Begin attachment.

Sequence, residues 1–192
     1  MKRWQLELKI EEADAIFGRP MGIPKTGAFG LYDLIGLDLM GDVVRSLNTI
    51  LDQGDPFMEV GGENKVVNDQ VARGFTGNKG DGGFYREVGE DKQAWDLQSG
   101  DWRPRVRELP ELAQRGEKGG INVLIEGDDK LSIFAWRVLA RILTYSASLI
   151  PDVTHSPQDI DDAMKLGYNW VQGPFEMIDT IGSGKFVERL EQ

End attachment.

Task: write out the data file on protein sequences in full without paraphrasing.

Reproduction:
Sequence, residues 1–192
     1  MKRWQLELKI EEADAIFGRP MGIPKTGAFG LYDLIGLDLM GDVVRSLNTI
    51  LDQGDPFMEV GGENKVVNDQ VARGFTGNKG DGGFYREVGE DKQAWDLQSG
   101  DWRPRVRELP ELAQRGEKGG INVLIEGDDK LSIFAWRVLA RILTYSASLI
   151  PDVTHSPQDI DDAMKLGYNW VQGPFEMIDT IGSGKFVERL EQ